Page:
While eating the mussels, we also worked on our other appetizers. I am an eggplant fiend, whereas Mr Minx basically abhors it, so I was eager to taste the flatbreads with "roasted baby eggplant, butterscotch hummus, Manchego cheese." In most cases, I find that "flatbreads" are just fancy restaurant-speak for pizza. The most successful tend to have a tender crust - like a Greek pita or an Indian naan - but those at Alchemy were more crisp and dry, one step away from cracker-dom. Served in three perfect squares, my flatbreads bore a schmear of hummus made with butterscotch beans, two thin slices of Asian eggplant, and a veil of melted Manchego cheese. I was disappointed. While the melted cheese was tasty and ever-so-slightly stinky, and the hummus made for an interesting texture, the eggplant had no presence at all. I was hoping for a pile of smoky-flavored eggplant goo, something babaganoush-ish, or at the very least, something even remotely roasted.

The same flatbreads were far more successful as the accompaniment to Mr Minx's chicken liver paté with "fresh herbs, caramelized onion, Armagnac, Szechuan peppercorn." This was a pretty classic paté, tasting mostly of unadulterated, livery goodness.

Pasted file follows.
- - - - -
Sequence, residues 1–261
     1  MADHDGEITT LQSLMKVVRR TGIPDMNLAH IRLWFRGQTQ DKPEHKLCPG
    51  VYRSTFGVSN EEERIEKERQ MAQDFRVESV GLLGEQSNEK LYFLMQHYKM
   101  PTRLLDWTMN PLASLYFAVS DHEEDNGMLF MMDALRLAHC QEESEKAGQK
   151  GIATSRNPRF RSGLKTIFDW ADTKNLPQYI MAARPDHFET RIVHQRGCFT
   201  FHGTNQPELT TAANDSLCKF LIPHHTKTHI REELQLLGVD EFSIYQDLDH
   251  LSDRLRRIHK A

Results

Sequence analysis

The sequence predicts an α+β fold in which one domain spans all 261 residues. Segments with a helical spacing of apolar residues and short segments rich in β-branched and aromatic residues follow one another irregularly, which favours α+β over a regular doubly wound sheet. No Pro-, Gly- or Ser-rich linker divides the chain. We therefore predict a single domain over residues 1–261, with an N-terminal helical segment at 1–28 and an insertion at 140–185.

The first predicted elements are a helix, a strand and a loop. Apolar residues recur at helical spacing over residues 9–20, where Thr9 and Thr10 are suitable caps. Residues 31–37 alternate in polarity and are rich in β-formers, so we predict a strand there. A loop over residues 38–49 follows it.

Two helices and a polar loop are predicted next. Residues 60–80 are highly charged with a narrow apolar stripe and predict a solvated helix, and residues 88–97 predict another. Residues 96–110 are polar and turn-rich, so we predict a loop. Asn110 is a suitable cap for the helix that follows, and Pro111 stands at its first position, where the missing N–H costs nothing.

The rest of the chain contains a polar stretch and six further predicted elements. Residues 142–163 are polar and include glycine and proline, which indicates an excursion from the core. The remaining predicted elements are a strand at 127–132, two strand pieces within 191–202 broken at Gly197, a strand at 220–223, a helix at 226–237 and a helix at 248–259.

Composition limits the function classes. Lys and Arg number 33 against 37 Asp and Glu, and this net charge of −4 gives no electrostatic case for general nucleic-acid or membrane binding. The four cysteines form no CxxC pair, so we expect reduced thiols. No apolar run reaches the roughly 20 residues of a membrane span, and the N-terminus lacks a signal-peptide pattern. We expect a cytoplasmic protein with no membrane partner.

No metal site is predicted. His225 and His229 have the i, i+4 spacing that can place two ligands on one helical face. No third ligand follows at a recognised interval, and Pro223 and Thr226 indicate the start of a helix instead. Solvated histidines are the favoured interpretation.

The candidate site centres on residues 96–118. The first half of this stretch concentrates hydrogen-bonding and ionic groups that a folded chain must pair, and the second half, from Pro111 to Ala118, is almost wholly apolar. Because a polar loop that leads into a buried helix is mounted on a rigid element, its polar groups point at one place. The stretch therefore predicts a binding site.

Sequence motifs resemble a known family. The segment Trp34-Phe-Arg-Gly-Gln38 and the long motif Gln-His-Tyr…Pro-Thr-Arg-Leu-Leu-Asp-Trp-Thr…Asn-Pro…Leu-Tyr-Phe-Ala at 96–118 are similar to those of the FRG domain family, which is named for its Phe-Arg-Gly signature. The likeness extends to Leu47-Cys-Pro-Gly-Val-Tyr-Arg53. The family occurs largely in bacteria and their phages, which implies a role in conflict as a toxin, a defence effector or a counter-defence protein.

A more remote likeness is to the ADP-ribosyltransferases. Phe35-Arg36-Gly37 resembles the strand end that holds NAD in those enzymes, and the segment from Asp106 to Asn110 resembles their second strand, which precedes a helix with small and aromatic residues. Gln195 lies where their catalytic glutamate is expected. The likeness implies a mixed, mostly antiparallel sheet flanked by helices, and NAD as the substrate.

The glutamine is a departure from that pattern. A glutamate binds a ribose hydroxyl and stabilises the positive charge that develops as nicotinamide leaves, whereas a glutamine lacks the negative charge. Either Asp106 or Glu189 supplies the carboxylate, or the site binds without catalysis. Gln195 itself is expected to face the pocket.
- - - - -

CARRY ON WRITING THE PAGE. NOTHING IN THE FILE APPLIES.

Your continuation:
About halfway through our appetizers, our entrées made an unwelcome appearance that required the table to be rearranged to accommodate the three additional dishes. The server volunteered to take our obviously unfinished apps away, and I almost slapped her hand. At that point in the evening, while several more parties had arrived since we sat down, most were still perusing the menu. So WHY, pray tell, did they rush our entrées? Correct me if I'm wrong, but isn't it our waiter's responsibility to check on our progress and request that our entrées be fired so that they arrive AFTER our apps have been eaten (and hopefully, their plates cleared)? How was our waiter "taking care of us" if he let this happen? I think that I wouldn't have been as mad as I was (am) had he come to our table and apologized for the error. Not only did he not say a word (he didn't even pay the traditional visit to the table to ask how things were while our mouths were full), but even after we had finished our apps and there were obviously empty dishes on the table, he did not remove them. Because he did not see them. I watched him every time he passed us and he didn't so much as cast an eye in our direction. And it's not because he was busy.